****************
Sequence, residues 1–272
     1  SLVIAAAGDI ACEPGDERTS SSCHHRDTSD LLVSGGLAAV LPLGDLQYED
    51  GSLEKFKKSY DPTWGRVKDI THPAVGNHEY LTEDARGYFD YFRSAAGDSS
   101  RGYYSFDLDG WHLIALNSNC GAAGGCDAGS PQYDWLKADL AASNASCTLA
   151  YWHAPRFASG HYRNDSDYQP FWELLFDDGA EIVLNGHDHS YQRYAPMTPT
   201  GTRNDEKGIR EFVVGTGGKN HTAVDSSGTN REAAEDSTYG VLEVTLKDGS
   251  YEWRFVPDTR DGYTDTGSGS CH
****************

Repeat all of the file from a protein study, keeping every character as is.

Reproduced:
Sequence, residues 1–272
     1  SLVIAAAGDI ACEPGDERTS SSCHHRDTSD LLVSGGLAAV LPLGDLQYED
    51  GSLEKFKKSY DPTWGRVKDI THPAVGNHEY LTEDARGYFD YFRSAAGDSS
   101  RGYYSFDLDG WHLIALNSNC GAAGGCDAGS PQYDWLKADL AASNASCTLA
   151  YWHAPRFASG HYRNDSDYQP FWELLFDDGA EIVLNGHDHS YQRYAPMTPT
   201  GTRNDEKGIR EFVVGTGGKN HTAVDSSGTN REAAEDSTYG VLEVTLKDGS
   251  YEWRFVPDTR DGYTDTGSGS CH